Furthermore Baumer believes that is it 'comradeship' which becomes the prize of entering war. Nonetheless, this comradeship is torn when soldiers die on the battle front. An example was when Kemmerich dies with an amputated leg.

Kemmerich cries on his death bed on page 32, the author depicts the image of tears running down his cheeks but Baumer does not wipe them away because his handkerchief is dirty.

The tears symbolises the depression that will emerge in future chapters of the novel while Baumer not being able to stop the tears represents that there is no going back, once entering the war entering, menace will strike. The main menace shown here is the death of soldiers.

.....outside the door I am aware of the darkness and the wind as deliverance. I breathe as deep as I can, and feel the breeze. I breathe as deep as I can, and feel the breeze in my face, warm and soft as never before, thoughts of girls, of flowery meadows, of white clouds suddenly come into my head.....

Remarque uses imagery to strongly suggest the major theme of this novel; that war is brutal and it destroys even those who physically survive. In this passage, Baumer imagines the end of war, the thought of flowery meadows and white clouds represent peace.

Baumers narration of the novel generally uses the pronoun, 'we.' We assume this technique is used by Remarque to show comradeship. It is the horrors of war which unites the soldiers together in a way that civilians cannot comprehend. Sexuality also plays an important role for comradeship as the soldiers unite with a common hobby; often having fantasy of beautiful women.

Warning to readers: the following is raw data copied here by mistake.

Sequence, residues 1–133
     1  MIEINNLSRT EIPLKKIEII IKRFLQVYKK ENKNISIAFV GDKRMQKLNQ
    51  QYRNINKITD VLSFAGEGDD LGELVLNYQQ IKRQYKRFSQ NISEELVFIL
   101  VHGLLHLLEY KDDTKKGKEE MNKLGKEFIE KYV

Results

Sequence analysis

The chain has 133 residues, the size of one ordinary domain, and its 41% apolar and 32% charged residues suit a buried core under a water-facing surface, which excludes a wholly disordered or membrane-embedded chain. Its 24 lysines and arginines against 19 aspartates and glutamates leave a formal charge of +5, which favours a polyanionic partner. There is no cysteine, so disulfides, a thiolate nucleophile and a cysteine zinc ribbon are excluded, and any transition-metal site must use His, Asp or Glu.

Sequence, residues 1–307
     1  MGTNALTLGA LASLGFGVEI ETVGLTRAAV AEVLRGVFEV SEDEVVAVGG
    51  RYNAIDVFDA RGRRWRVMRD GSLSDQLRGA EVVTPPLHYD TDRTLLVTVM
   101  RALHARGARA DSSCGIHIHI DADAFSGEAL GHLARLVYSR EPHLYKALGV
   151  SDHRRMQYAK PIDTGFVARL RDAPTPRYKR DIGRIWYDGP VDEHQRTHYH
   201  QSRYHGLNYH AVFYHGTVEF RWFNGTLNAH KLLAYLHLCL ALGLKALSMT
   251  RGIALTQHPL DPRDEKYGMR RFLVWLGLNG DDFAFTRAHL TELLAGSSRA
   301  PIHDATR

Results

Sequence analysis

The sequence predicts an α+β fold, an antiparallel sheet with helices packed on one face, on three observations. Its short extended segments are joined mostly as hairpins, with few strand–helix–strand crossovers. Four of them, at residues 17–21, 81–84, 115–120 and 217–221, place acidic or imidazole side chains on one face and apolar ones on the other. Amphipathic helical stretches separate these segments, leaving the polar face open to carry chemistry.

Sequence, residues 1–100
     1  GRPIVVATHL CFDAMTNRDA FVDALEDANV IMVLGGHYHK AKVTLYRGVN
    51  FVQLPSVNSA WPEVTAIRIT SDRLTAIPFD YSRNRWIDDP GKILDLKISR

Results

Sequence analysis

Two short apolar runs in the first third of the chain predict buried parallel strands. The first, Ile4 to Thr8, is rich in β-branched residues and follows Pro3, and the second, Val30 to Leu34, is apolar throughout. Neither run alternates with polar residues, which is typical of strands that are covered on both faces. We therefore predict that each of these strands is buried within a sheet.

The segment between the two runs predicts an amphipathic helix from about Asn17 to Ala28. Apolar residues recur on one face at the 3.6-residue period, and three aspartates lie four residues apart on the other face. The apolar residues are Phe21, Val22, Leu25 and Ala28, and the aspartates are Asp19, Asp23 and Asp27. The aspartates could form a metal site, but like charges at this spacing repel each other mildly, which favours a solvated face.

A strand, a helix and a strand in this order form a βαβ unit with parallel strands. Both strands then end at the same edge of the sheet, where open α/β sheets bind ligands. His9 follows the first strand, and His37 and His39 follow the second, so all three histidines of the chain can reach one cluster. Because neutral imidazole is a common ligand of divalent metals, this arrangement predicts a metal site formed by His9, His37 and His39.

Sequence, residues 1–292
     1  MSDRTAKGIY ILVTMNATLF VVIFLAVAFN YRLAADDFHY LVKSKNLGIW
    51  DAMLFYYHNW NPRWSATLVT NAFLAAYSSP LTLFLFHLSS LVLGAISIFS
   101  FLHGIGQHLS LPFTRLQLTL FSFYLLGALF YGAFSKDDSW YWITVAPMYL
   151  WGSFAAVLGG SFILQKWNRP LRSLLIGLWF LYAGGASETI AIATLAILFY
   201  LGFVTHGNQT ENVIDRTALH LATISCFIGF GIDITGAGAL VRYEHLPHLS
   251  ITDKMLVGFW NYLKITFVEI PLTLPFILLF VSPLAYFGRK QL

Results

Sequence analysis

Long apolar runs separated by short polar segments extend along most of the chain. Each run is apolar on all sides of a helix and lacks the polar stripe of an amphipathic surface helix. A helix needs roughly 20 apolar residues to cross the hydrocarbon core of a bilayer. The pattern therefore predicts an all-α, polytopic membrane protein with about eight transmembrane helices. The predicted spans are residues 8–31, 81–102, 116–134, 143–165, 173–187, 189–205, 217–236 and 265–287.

We also see Germany alienating the soldiers by relying on nationalism; assuming that young Germans will support their nation. After the military recruits, when soldiers are at their most patriotic and willing (i.e., before they have seen war), it quickly breaks their will in training. The men become subservient to authority, a necessity for war. Otherwise, not only would the men be unable to handle the rigors of war, as Paul notes, they might question more vociferously why they are fighting in the first place. Dehumanized, they accept their fates.

Indeed, Paul gives credit to the "finest thing that arose out of the war--comradeship." Whatever does not kill the men only serves to bring them closer. This closeness is why Paul reacts so strongly at the end of the chapter. His lifelong friend's death inspires him to embrace life, if temporarily. One might argue he skips along because he is happy he has avoided Kemmerich's fate (he specifically comments on the suppleness of his limbs and the strength of his joints, a contrast to the amputated Kemmerich). One may also view his elation as a tribute to his friend whose death has inspired Paul to embrace life. Likewise, Müller's offer of the saveloy is his way of expressing thanks (and sympathy) not only to Paul, but also to Kemmerich.

Indeed, Kat relates the entire climate of military power to the battles in the animal kingdom, and their attack on Himmelstoss is similarly animalistic. Kat's comment is important because not only are the front-line soldiers reduced to animalism in the military. We have already seen them eat and use the latrines like animals but so are their leaders. The leaders are simply at the top of the food chain.

Chapters 2 and 3 form the bases for Remarque's themes on the war; that war can help mature the young soldiers however they lack mental stability; sometimes not being able to let control their emotions from their friends deaths. But most important of all Remarque uses a variety of language techniques to show 'comradeship' and this is what binds the soldiers in the tough war conditions.